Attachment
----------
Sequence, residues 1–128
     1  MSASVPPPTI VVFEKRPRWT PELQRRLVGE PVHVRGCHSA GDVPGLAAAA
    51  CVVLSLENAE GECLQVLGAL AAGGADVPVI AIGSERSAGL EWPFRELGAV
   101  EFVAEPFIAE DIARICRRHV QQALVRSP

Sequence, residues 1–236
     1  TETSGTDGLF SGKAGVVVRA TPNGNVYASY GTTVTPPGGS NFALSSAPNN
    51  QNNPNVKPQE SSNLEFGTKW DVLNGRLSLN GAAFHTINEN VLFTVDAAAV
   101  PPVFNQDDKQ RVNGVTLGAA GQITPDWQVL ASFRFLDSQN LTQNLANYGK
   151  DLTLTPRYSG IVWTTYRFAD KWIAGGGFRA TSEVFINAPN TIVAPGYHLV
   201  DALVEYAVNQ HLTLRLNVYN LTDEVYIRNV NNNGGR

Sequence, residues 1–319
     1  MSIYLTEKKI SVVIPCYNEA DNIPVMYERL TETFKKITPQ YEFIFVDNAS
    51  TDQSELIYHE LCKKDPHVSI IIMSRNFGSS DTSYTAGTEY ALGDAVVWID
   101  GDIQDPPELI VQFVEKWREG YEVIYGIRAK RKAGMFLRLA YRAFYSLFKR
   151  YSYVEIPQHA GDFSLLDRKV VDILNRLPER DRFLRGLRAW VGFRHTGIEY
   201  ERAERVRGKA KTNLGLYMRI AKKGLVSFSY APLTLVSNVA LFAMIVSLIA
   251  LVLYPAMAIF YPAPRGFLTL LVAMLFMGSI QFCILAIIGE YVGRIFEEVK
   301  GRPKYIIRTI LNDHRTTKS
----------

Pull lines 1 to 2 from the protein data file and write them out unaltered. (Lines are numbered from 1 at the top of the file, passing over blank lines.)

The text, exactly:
Sequence, residues 1–128
     1  MSASVPPPTI VVFEKRPRWT PELQRRLVGE PVHVRGCHSA GDVPGLAAAA